From a recent Businessweek online edition:
According to a new study by IBM (IBM ), some multiplayer games teach skills needed to manage a modern multinational.
The computer giant hired software maker Seriosity to watch people play hundreds of hours of games where leadership is required. IBM also surveyed more than 200 players among its own managers. The finding: Those immersed in online worlds linking millions of participants, such as World of Warcraft, get good at gathering information from far-flung sources, assessing risk, and moving quickly to the next challenge. IBM says the study, to be released on June 15, shows such games could be ‘management flight simulators’ for those trying to lead global teams.
Just added some minor updates to the template for this blog, including labels tags for a bunch of older posts, and the sidebar link to the tagged posts.
I’m also in the midst of a 30 day experiment with twitter and added that to the sidebar. So far, my twitter content is mostly an activity journal, posting point for inside jokes and somewhat needy Tamagotchi.
Let me know if the labels or twitter are useful. I like the labels, and I’ve got to believe there is some learning, elearning or social learning use for twitter. Is there?
I’m changing the address to send invitations or new elearning event information due to a barage of unsolicited commercial messages and scams… even with SpamAssasin and re-routing through Gmail there were about 10-20 junk messages per day.
Effective immediately, please send any invitation or request to post a new elearning event to .
Access to the calendar remains the same, see Google Calendar for Elearning Events for details.
These are exciting times for learning & talent management systems and for Adobe Flex. A few weeks ago at LMS 2007, Elliott Masie addressed what he saw as the powerful potential of Flex for visualization of enterprise learning and human performance information. As a follow-up, the Masie Center is working with Learning Consortium members and vendors to create a powerful proof-of-concept that demonstrate web services integration of enterprise applications. This proof-of-concept project will demonstrate how applications like HR, LMS/LCMS, ERP, CRM can be integrated for a "performance dashboard" to visualize related information from these systems, and even allow for taking action that spans applications.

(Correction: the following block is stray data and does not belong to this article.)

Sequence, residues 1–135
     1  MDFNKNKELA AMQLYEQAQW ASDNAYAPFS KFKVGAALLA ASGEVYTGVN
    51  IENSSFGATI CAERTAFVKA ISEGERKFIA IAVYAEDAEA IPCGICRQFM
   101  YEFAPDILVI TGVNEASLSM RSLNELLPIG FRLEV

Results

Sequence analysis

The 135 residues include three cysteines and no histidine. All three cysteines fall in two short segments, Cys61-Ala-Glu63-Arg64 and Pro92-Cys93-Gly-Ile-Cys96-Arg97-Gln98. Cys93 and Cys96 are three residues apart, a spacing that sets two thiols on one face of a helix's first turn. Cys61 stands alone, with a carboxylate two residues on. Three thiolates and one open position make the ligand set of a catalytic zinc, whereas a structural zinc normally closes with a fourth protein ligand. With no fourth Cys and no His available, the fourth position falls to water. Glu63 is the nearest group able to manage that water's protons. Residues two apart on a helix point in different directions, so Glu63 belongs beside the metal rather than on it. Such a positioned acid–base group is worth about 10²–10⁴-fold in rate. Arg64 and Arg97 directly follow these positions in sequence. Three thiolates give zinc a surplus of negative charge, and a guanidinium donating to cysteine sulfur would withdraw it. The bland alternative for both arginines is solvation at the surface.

Now, weeks after kicking-off this project Adobe has announced that Flex will become open source, over the course of 2007, under the Mozilla Public License.
May you live in interesting times.
I’m working around a Blogger issue, so here is the rest of the entry.
Learning and Elearning
Donald Clark– Plan B
Well thought, well researched information and opinions on learning and education. Here’s a GREAT example that cites John Locke’s thoughts on education and references William James too- Habitual Learning (h-learning). Recently (and informally) dubbed a premiere learning "debunker", he clearly puts thought, time and research into his posts.
Karl Kapp– Kapp Notes
I’ve known Karl for almost 10 years through Dr. Tim Phillips and the Bloomsburg University Corporate Advisory Council. Karl and I bonded over our shared background with major consulting firms, and interest in instructional design. He recently published an intriguing book on gaming (Gadgets, Games & Gizmos for Learning) that puts forth the notion of certain generations or epochs of computer/console gamers, as well as ramifications and possibilities for learning and training.
Mark Oehlert– e-Clippings (Learning As Art)
Hmm, what can I say except, "Mark is out there. AND he brings it back to share with you." Tons of quick thought, deep thoughts and connections that can be applied to learning, training, development and technology. He is the first one I remember meeting who was genuinely and deeply interested and passionate about using Second Life for learning and training.
John Dowdell– JD on EP